On Wednesday, we noted that it would be instructive to learn how the Green Bay Packers structured the salary-cap impact of linebacker Clay Matthews' record-setting contract extension. Thursday, the numbers came in and here's what we can say: Matthews' deal makes little impact on the Packers' 2013 cap but will play a more significant role over time.
The deal, technically a six-year document worth $69.7 million because it was tacked on to Matthews' previous contract, counts $6.7 million against the Packers' 2013 cap. Matthews was already set to count $4.9 million under the old deal, so at the moment the Packers still have about $15.7 million in cap space remaining.
The cap hit reaches its height in 2017, when the deal will count $15.2 million in cap dollars, before dropping a bit in 2018 when the five-year limit on pro-ration ends. Here are the annual cap hits:
2013: $6.71 million
2014: $11.0 million
2015: $12.7 million
2016: $13.75 million
2017: $15.2 million
2018: $11.4 million
Some of you are already asking if the Packers will have to renegotiate the contract before it ends because of the increasing cap numbers. It's a fair question considering the team will, at some point, have a much bigger annual cap consideration for quarterback Aaron Rodgers.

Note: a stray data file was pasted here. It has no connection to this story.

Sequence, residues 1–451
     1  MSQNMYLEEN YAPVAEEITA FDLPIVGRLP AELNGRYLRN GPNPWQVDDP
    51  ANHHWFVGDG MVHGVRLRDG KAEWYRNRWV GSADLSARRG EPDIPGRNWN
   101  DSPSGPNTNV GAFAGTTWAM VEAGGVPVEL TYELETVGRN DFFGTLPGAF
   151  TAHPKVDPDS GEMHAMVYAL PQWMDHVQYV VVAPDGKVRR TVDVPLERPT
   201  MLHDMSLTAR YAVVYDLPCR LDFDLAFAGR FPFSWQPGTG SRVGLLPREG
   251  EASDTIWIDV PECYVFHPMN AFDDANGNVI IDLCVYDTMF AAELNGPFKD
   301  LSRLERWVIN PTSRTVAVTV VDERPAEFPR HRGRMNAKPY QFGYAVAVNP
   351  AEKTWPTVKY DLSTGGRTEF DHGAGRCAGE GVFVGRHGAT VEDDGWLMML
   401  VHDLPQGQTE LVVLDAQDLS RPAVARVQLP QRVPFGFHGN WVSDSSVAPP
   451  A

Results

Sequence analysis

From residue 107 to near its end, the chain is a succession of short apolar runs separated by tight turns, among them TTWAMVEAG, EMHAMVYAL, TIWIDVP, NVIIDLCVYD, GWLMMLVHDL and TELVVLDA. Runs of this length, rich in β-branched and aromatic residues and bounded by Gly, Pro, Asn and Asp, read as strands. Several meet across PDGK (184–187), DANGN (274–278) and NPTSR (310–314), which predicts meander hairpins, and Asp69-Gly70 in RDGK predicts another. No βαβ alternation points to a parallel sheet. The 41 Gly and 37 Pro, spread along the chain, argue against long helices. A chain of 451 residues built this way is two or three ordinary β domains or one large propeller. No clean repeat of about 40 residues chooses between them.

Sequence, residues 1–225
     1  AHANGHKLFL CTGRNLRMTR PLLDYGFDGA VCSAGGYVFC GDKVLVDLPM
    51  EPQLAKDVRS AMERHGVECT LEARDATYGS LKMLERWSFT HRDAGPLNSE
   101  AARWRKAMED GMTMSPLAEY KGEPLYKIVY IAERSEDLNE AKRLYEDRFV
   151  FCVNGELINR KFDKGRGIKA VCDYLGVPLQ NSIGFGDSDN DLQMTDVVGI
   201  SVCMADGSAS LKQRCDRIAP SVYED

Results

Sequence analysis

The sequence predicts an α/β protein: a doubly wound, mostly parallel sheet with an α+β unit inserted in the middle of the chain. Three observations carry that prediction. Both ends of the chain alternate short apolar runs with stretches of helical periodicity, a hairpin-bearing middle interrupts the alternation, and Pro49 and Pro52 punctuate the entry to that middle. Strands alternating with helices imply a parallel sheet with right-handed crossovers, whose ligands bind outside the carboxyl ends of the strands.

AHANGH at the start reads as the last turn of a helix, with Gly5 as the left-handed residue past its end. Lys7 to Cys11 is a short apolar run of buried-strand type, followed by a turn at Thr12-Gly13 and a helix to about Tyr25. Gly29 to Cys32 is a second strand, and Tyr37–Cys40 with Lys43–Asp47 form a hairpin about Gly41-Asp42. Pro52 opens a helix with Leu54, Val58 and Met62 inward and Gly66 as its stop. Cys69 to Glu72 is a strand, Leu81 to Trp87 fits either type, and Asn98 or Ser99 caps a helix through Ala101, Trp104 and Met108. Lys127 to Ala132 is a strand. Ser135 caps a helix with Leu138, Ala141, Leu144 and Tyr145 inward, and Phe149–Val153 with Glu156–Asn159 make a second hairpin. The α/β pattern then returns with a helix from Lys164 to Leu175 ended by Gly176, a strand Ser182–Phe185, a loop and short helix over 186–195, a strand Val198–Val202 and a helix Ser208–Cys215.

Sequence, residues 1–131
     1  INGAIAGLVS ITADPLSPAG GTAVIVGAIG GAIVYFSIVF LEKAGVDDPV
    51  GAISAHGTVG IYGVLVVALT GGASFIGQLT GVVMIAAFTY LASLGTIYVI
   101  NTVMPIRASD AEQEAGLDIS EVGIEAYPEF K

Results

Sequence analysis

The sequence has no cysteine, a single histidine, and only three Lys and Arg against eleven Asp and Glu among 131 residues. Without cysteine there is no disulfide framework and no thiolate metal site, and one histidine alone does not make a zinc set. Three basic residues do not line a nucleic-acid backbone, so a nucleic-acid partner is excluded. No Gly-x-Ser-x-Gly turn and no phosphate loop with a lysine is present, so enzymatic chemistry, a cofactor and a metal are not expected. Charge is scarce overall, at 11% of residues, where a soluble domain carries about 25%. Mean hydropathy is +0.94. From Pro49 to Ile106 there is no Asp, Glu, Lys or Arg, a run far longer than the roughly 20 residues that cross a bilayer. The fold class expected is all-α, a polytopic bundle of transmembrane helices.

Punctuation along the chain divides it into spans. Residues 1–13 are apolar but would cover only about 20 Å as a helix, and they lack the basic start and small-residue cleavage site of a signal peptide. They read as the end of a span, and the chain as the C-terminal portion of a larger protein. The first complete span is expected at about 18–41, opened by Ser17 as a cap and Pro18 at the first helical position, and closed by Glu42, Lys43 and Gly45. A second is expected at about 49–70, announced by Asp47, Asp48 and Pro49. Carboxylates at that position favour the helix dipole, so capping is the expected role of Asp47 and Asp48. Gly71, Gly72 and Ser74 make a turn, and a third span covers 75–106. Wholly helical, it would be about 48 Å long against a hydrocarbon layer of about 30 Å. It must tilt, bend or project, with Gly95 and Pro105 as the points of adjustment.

The short answer is not necessarily. Additional television money will eventually raise the cap spending limit, and it won't be untenable for one of the top players on a roster to consume $15 million in cap space. You can't have eight players with $15 million-plus cap hits, but in 2017 you should be able to have a few. And if Matthews continues on his current path, the Packers will be happy to make him one of them.
Note: For those of you who keep track of such things, Matthews' deal technically guarantees $20.5 million of the total value in the form of a signing bonus. Matthews will be able to earn a roster bonus of $5 million in 2014 provided he is on the roster on the third day of the NFL's league year. He'll also be eligible for roster bonuses from 2014-18 that would pay him $31,250 for every game he is active for. If he never misses a game over that stretch, he will earn a maximum of $500,000 per year and $2.5 million over the life of the contract, through those bonuses.